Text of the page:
It's going to be interesting to see what this area will look like 5, 10, and 20 years from now. 15 years ago eight Cabrini Green high-rises were located on this site bounded by Evergreen, Halsted, Division Streets and Clybourn Avenue. Now 1230 N Burling, referred to by residents as "Scamplife," is all that remains with the exception of the Francis Cabrini Rowhomes to the south. The political and social issues involved with this land are so complex that it would require a book hundreds of pages in length to fully elaborate in detail (maybe this is in the works). It is my hope that the Chicago Housing Authority will live up to their promises by offering affordable housing to those who have been displaced so they are able to return.
Lately the word has been that Target is interested in the site at Division and Halsted where the Burling building stands. The last thing I would want to see is for this area to become cluttered with retail stores, parking lots, and strip malls. Those who live in Chicago know that there is already abundance of this on North Avenue and up and down Clybourn.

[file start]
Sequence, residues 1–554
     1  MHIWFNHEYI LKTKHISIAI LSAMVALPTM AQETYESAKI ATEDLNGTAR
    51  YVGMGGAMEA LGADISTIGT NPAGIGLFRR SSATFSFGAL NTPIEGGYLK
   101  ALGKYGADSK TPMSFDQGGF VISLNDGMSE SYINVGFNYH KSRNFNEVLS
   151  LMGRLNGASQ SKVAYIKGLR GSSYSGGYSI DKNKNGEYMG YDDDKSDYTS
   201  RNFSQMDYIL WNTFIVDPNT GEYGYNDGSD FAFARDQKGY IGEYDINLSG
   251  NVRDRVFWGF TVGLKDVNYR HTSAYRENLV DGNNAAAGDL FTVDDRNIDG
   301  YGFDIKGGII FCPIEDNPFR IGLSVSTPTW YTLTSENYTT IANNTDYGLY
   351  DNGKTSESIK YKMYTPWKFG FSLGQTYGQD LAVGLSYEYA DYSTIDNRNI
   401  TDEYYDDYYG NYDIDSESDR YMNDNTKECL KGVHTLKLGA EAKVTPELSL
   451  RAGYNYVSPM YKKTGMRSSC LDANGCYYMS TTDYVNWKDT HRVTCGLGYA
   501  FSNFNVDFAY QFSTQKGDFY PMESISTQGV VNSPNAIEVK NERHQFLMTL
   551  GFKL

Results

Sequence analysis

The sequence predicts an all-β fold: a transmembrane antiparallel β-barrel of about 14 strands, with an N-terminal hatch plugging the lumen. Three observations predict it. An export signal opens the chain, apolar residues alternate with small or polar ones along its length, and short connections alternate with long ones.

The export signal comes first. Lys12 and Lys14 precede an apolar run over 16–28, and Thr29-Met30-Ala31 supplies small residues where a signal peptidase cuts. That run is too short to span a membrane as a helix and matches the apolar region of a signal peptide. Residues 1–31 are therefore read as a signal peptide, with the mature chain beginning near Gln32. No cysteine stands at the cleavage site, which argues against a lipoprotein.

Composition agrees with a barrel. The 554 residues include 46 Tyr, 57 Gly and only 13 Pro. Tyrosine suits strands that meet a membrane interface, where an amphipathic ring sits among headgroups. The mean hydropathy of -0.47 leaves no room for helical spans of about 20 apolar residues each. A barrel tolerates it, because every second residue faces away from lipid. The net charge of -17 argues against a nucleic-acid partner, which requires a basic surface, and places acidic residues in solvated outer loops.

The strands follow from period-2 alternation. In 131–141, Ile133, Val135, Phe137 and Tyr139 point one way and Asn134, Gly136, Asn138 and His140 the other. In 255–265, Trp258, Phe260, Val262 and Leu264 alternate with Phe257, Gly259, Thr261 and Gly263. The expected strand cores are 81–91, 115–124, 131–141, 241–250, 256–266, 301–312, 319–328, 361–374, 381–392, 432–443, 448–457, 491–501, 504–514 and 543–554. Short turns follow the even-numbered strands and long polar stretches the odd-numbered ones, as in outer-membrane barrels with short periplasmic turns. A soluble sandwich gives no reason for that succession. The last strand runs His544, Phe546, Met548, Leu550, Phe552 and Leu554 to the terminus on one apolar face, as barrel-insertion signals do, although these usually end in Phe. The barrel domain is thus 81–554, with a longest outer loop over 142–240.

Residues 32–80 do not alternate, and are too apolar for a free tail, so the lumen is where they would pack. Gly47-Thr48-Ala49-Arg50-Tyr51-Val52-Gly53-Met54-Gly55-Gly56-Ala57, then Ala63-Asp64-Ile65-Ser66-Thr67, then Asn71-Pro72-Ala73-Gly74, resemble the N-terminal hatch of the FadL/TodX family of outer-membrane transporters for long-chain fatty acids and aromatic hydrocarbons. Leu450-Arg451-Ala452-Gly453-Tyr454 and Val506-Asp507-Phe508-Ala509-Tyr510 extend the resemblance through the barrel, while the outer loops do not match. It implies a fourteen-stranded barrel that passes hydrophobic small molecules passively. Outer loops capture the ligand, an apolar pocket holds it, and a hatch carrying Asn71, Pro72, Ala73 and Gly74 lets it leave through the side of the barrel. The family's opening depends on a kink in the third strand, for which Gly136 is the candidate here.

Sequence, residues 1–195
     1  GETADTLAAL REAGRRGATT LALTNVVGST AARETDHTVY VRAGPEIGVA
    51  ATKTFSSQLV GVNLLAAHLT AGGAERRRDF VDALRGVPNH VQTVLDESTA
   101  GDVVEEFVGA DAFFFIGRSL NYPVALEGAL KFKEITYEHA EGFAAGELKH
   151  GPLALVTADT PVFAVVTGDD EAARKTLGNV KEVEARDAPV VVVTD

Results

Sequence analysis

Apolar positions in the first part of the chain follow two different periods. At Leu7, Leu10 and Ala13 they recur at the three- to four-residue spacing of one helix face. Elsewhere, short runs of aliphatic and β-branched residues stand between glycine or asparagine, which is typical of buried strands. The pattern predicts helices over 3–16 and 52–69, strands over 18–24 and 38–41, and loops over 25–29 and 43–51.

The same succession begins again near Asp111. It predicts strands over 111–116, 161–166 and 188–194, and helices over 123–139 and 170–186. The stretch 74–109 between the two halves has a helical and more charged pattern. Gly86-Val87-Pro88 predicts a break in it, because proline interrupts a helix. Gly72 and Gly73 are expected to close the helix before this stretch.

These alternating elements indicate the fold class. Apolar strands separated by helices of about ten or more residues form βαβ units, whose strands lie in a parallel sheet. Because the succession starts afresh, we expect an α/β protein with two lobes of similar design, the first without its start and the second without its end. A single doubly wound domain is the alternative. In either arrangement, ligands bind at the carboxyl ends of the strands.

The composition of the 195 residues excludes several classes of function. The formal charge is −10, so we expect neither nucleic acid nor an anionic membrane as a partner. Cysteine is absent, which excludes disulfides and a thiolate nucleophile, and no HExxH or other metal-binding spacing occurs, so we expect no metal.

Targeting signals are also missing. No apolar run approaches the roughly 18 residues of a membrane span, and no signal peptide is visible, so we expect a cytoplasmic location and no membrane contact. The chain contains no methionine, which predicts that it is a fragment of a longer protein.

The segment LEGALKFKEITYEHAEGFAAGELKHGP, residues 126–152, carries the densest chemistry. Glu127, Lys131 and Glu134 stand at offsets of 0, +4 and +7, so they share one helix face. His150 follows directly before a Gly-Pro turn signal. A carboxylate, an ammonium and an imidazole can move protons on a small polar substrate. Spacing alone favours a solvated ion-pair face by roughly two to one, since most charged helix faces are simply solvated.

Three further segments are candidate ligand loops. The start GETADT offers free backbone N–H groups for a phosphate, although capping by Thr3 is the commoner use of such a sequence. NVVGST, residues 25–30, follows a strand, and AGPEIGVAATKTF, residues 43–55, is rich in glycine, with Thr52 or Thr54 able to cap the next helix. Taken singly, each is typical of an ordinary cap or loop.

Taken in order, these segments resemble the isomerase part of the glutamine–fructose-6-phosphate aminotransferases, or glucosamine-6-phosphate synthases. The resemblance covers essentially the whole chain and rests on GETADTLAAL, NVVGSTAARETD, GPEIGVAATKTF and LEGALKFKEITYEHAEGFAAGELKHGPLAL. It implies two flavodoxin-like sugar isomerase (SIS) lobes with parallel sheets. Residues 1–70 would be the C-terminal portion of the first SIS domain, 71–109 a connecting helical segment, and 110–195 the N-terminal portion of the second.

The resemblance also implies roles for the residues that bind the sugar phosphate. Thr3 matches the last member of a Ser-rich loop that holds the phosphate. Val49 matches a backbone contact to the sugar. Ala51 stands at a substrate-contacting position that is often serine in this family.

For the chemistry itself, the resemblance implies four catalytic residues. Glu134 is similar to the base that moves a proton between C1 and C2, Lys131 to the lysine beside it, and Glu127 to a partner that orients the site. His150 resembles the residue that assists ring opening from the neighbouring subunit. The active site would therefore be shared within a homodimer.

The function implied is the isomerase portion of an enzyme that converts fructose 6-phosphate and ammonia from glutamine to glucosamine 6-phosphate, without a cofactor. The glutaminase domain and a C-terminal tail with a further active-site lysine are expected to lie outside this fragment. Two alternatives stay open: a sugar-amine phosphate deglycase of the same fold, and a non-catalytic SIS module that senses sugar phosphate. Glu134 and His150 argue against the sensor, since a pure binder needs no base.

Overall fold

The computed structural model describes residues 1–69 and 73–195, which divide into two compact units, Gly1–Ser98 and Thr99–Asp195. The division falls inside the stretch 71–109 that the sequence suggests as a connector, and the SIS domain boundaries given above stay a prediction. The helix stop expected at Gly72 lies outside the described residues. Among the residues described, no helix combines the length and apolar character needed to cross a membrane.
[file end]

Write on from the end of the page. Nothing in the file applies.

To the right of this image (north) is the SoNo residential high-rise. SoNo refers to the area SOuth of NOrth Avenue a name derived from New York's SoHo in lower manhattan (South of Houston Street, which was derived from London's SoHo neighborhood). The SoNo as a neighborhood title hasn't quite taken off and probably won't become a household name anytime soon, but it's definitely a sign of things to come.
|1230 N Burling Via Zoom Lens|